Suppressed cavitation in die-drawn isotactic polypropyleneCavitation is an important phenomenon in solid-phase deformation of polymers, which either has potential adverse effects on physical properties or creates potential opportunities for new properties. In either case, it needs to be better understood to help achieve better control of cavitation and its effects. Cavitation associated with solid-phase deformation in a β-nucleated isotactic polypropylene was found to depend on the solid-phase deformation route employed. Compared with samples obtained by free tensile stretching, cavitation was suppressed in samples deformed via die-drawing, although an almost identical β-to α-phase transition was observed for both deformation routes. Even when die-drawn samples were subsequently deformed to large strains by free stretching, there was still no comparable cavitation compared with the single free tensile-stretching route. The die-drawing process appears to suppress cavitation by fundamentally diminishing the number of growable nuclei of cavities, rather than merely hindering the growth of cavities. A relationship between cavitation intensity and the fractions of lamellae along specific directions has been established. During subsequent free stretching of die-drawn samples, newly created cavities were suggested to be initiated within the crystalline layers. The reduction of the cavity nuclei in the die-drawing process originated from the stabilization of the connections between the crystalline blocks within the lamellae.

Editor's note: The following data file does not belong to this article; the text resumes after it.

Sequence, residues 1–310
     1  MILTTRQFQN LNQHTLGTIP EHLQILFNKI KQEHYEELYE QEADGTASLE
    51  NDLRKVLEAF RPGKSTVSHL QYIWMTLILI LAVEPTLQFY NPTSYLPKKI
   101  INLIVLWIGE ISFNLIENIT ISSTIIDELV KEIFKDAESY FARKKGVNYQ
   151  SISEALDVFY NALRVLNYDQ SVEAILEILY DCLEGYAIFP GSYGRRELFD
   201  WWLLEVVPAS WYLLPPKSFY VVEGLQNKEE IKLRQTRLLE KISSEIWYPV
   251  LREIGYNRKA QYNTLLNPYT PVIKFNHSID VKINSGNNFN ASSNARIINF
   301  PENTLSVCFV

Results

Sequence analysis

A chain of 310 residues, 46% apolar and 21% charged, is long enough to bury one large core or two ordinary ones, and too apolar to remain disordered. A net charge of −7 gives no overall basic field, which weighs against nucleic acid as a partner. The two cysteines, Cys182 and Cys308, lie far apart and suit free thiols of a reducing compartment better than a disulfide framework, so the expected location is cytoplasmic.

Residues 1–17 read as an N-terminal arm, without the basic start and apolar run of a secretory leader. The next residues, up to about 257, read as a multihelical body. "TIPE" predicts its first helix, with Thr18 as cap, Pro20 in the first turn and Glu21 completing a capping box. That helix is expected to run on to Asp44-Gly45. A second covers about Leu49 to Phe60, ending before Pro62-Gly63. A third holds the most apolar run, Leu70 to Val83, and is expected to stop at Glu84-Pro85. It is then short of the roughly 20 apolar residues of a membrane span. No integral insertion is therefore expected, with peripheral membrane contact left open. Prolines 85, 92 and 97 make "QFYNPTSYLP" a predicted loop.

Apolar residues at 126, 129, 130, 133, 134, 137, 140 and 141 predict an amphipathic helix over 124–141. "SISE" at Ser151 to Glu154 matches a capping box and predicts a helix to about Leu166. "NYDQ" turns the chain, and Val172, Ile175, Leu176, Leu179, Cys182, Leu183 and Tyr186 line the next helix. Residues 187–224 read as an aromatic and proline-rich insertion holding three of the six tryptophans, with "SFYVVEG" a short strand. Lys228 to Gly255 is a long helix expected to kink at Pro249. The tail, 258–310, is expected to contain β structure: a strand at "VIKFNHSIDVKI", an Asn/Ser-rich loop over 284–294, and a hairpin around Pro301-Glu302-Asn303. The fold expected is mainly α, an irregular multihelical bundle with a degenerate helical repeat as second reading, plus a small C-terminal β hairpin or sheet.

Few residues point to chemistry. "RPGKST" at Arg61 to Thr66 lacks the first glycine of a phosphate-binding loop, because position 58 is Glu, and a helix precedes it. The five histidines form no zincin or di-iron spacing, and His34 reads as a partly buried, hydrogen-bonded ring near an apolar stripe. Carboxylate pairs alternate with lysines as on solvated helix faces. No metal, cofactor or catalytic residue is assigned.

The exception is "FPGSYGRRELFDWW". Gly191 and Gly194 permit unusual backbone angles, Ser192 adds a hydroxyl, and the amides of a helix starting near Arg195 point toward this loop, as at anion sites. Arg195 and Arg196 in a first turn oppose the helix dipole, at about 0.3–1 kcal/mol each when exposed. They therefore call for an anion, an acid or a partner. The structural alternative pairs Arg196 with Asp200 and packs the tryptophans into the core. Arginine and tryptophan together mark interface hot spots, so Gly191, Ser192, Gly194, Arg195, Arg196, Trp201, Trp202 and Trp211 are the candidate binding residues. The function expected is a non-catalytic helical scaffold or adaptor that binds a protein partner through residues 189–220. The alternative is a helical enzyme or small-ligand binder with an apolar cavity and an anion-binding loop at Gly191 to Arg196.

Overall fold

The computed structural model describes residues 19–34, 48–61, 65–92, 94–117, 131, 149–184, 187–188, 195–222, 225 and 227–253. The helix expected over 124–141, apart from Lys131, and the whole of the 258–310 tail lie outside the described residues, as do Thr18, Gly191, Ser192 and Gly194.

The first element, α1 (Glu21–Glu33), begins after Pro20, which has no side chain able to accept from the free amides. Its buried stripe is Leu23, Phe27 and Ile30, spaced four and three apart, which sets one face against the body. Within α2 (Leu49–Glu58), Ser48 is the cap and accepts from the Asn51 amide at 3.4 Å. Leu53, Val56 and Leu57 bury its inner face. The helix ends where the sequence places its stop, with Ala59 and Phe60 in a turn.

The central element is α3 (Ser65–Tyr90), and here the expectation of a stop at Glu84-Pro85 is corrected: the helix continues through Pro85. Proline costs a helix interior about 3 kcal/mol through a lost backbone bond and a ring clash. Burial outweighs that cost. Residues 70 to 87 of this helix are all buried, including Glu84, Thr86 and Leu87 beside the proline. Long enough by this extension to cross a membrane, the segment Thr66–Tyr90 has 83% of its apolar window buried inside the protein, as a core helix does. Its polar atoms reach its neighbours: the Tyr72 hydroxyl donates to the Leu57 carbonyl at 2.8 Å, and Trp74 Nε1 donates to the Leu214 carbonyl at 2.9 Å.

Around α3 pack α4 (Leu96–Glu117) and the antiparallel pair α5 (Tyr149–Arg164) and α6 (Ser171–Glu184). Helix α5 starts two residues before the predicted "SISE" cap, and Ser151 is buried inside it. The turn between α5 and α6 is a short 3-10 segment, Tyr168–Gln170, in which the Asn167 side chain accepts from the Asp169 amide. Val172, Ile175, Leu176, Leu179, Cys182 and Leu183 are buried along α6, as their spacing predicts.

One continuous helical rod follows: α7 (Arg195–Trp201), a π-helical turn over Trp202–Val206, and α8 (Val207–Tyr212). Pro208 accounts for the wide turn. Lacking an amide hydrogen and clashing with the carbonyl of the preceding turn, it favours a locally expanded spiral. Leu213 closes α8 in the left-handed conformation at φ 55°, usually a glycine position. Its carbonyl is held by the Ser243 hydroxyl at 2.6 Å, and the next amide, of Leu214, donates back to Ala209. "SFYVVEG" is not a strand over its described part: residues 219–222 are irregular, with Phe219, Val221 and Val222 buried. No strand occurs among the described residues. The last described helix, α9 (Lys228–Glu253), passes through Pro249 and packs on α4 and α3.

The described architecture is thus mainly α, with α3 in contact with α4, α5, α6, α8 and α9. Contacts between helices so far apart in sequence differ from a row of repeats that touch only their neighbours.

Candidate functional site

Experimental analysis of the tensile property of FFF-printed elastomersDesigning and manufacturing functional parts with enhanced mechanical property is a major goal of fused filament fabrication (FFF) for polymeric elastomers, which exhibits major advantages in producing such parts with a range of structures. But the unsatisfactory mechanical performance constrains greatly its real application and there is yet no consensus in the mechanical characterization of printed samples. This work takes the nozzle height as the considered factor and tests the tensile property of FFF-printed thermoplastic polyurethane (TPU). Rheological property of the TPU melt, represented here by die swell behavior and shear viscosity, were measured initially to obtain a preliminary assessment of the material suitability and an optimization of melt extrusion conditions for FFF processing. Then correlation between the cross-section profile of deposited bead and the tensile performance of printed sample were evaluated. Both the shape of deposited bead and the bonding strength of two adjacent beads are emphasized when explaining the measured tensile strength. The significance of molecular permeation efficiency at bead-bead interfaces, and bonding-releasing patterns between adjacent beads to the tensile failure of printed objects is discussed.